The Charter Change Issue: An Overview

by Renne F. Gumba
Director, ADNU Institute of Politics

The Philippine Constitution is a dynamic embodiment of the aspirations and ideals of the Filipinos. Although such dynamism is often clouded by conservatism among some practitioners in the legal arena, the fundamental law of the land itself provides at least three(3) mechanisms for revisions and or amendments so that it will continue to be relevant and significant. First is peoples’ initiative. Unfortunately, this is rarely resorted to because of the supposedly insurmountable legal and logistical difficulties. Second is the Constitutional Convention, wherein delegates are elected to draft the proposed changes. And third is the Constituent Assembly, wherein the House of Representatives and Senate constitute themselves into a deliberative assembly to draft and  propose changes in the Constitution.

Along this line, several attempts to introduce changes in the present Philippine constitution has been undertaken in the past. Former Speaker Ramon Mitra, Sen. John Osmeña, Former President Ramos, Senator Aquilino Pimentel Jr., and even the deposed President Joseph Estrada also tried to tinker with the Constitution. All of their efforts however were either met with formidable resistance or simply fizzled out in the complex environment of Philippine politics.

At present, the issue of Charter Change was revived again. Among the prime actors this time are some members of the House of Representatives and the Senate. A parallel movement in the civil society, which has traditionally been opposed to Charter Change, was born amidst the advocacy for federalism and parliamentary form of government. Thus, an impetus for significant social change through the Constitution was generated, also perceived to be opportune and timely.

But such perception was met with opposition. Among the most prominent arguments from the opposition to charter change are the following: it is not timely (given the present socio-political context), it is designed to postpone elections and prolong stay in office by the present regime, and it will open the floodgates to social disturbance and division.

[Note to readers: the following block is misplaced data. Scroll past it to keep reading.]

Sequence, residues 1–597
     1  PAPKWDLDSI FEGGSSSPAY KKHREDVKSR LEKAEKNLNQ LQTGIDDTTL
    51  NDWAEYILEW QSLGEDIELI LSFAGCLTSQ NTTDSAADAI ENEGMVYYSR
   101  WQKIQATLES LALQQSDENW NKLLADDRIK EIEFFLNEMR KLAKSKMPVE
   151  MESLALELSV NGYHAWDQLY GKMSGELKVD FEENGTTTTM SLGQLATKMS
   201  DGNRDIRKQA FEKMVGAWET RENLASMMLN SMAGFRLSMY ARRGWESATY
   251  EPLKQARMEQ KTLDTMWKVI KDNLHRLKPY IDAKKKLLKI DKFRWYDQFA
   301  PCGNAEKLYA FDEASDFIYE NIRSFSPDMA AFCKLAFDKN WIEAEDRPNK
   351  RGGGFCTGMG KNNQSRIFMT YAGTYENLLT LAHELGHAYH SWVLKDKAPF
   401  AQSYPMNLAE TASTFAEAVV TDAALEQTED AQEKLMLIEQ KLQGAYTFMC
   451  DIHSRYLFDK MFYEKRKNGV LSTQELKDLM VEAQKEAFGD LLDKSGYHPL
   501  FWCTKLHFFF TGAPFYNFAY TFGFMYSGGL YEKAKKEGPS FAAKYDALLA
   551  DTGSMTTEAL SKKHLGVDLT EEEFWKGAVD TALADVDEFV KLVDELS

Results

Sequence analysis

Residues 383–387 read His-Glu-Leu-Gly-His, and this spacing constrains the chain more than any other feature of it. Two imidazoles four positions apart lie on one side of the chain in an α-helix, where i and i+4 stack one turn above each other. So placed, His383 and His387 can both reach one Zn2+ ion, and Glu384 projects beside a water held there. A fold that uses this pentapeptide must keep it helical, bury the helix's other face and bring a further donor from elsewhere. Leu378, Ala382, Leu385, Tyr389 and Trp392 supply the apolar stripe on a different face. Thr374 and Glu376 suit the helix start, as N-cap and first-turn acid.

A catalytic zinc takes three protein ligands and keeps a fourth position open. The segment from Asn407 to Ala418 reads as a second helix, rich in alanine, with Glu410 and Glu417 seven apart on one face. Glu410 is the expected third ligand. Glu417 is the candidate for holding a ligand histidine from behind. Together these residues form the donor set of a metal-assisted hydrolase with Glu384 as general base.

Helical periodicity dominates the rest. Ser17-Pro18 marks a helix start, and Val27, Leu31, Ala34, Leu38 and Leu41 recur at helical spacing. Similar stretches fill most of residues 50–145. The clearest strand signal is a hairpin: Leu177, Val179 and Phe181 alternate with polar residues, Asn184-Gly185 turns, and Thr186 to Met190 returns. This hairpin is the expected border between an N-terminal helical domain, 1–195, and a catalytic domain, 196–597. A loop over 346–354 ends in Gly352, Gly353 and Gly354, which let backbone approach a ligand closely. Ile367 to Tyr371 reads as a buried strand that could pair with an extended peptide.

THUS, THE  DEBATE  WHETHER CHARTER CHANGE (AND WHAT TYPE OF CHANGES) IS ACCEPTABLE AT THE MOMENT WAS BORN.

It is within this context that the House of Representatives Committee on Constitutional Convention conducted a series of consultations nationwide. In Bicol, such activity was conducted in Naga City last 16 November 2002. Among the participants in the consultation, there was a mixed signal on respective positions over the charter change debate. But there was significant opposition and paranoia over Constituent Assembly as a mode for introducing change into the Constitution.

Unfortunately, while the Bicol consultation was going on, the Committee Chairperson was also giving statements to a national paper explicitly stating plans to reconstitute Congress into a Constituent Assembly as early as February 2003 and suggest changes to the Constitution within six months.

Such statement, followed by other press statements and rumors, gave the impression that Congress is preparing for a move towards Constituent Assembly to draft and propose changes in the Constitution. This is compounded by the Congress leadership’s endorsement of HOR leadership Concurrent Resolution No. 16 calling for such assembly.

This developments galvanized opposition to Constituent Assembly. They argue that   peoples participation (even in the drafting of proposed changes to the Constitution) is non-negotiable and indispensable in any attempt to change the fundamental law of the land.  Undue speed also undermines the validity and acceptability of proposed changes. Moreover, there is a  need for more time and resources for such an important process.

THUS, THE DEBATE  ON THE ACCEPTABILITY OF CONSTITUTENT ASSEMBLY AS A MODE FOR CHANGING THE CONSTITUTION ALSO EMERGED AS AN IMMEDIATE CONCERN.

Therefore, in this situation, it is now imperative to enhance awareness of the issues among the people so that significant participation may be generated and genuinely democratic processes be guaranteed.

————–

Source: Ateneo de Naga University Institute of Politics

Advertisements

About this entry